W3C home > Mailing lists > Public > www-style@w3.org > May 2002

Re: Class Selectors Extension Proposals

From: Jan Roland Eriksson <jrexon@newsguy.com>
Date: Sat, 25 May 2002 02:13:26 +0200
To: glazman@netscape.com (Daniel Glazman)
Cc: www-style@w3.org
Message-ID: <dlhteuc2ld6dgnm0rqc6ovcar1kq5hbtv7@4ax.com>
On Fri, 17 May 2002 09:45:56 +0200, you wrote:

>Jan Roland Eriksson wrote:
> > It was supposed to be "typography on the web" from the start of it,
> > (words said to me from at least one of the original creators of CSS)
> > why is it necessary to molest that original idea?
>For two good reasons :
>1) only stupid people never ever change of opinion

I don't really know if I shall say " true " or " thanks :-( "

>2) why not ? Better stuff always comes from molesting the old ideas.

Sure, but then you are also creating a "new" product that deserves a
"new" name.

>   Molesting the original idea of CSS, I was able to make a
>   transformation language, that at least two of the original creators
>   of CSS found very interesting ;-) That was not in the "line" of
>   CSS and the temple's keepers never thought about it, SO WHAT ?

You still seem to have problem to understand my distinction.

CSS is defined as a "descriptive only" language, much in the same way
as traditional markup is descriptive only.

Per definition a descriptive language can never "run" any other code
on a users system than what the users client is already programmed to
do with the description it receives, i.e. a language that only
describes a suggested behavior can never introduce a security "black
hole" client side.

Now, start to add conditional evaluation of expressions in a language
and you are directly opening up for "code kiddies" to send their
unproven code down to users to be executed on the users system.

We have had enough of bad scripting on the internet already, I have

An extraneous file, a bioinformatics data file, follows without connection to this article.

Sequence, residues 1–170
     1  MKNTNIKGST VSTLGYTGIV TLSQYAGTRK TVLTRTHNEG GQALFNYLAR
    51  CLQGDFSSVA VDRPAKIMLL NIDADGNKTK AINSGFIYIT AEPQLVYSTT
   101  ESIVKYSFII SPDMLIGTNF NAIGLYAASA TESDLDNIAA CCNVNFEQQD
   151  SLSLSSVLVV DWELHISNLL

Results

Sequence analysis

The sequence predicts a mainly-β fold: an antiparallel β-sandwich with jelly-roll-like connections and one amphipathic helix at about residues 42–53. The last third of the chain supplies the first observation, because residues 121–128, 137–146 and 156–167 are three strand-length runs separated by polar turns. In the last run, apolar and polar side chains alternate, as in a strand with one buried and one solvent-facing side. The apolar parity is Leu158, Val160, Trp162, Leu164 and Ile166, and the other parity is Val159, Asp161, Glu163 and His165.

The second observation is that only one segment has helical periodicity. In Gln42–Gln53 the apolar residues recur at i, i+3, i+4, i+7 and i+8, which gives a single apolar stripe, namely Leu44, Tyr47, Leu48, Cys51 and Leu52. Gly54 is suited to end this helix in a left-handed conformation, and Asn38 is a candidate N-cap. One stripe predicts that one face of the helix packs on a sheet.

people at my current work site that sometimes calls for "support" from
every "black daemon" they can think of at times when they can not get
out of some site they have "been shoved" into, usually by mistaken
"click" at some point.

A "long" time ago even Pei Wei [1] realized that he had given birth
to an "angel with thangs" and that was in the early 90'ies already, in
Viola. Of course that did not stop Netscape from introducing
"Javascript" later on, for all the agony that has caused.

> >> Anyway, I think it deserves to be added to the CSS Suggestions
> >> List...

No; to a list of some new yet unknown presentational language maybe,
but not to CSS.

> > Do _not_ add any more types of "procedure/function calls" to CSS than
> > what is already there in CSS2. Instead spend serious time on that
> > "promised" CSS2.1 spec. The world of users and authors needs it,
> > implementors needs it, don't you?
>I am an implementor, an author and an end-user. And I simply have
>opinions on stylesheets that you don't share. That's not a secret.

Of course not, I just wish for you to see that borderlines needs to be
drawn. Merging all kinds of presentational ideas into a "one size fits
all" model is not going to be a good thing.

CSS is a descriptive language only; massage your own, use the syntax
if you see that as a benefit, but give it a new name and go from there
to convince implementors to do things your way.


> > Or is "constant earthquake" the real future?
>The only constant earthquake I see here is your aggressiveness when
>you answer to a technical proposal that is not in your "right line".

My "aggressiveness" comes from the inability of several participants
here to see that there is (and shall be) a definite borderline between
a style language that can only make use of fixed pre-programmed
routines in a user agent, and a style language that calls for a real
"conditional evaluation processor" on the users side.

CSS shall be self sufficient in the "fixed pre-programmed"
environment, other variations of "transformation languages" shall be
named differently.

[1] Pei Y. Wei, the creator of the Viola browser and the
    original inventor of client side executable code as
    in a scripting language. http://www.viola.org/

Rex [the fox in the chicken shack]
Received on Friday, 24 May 2002 20:18:22 UTC

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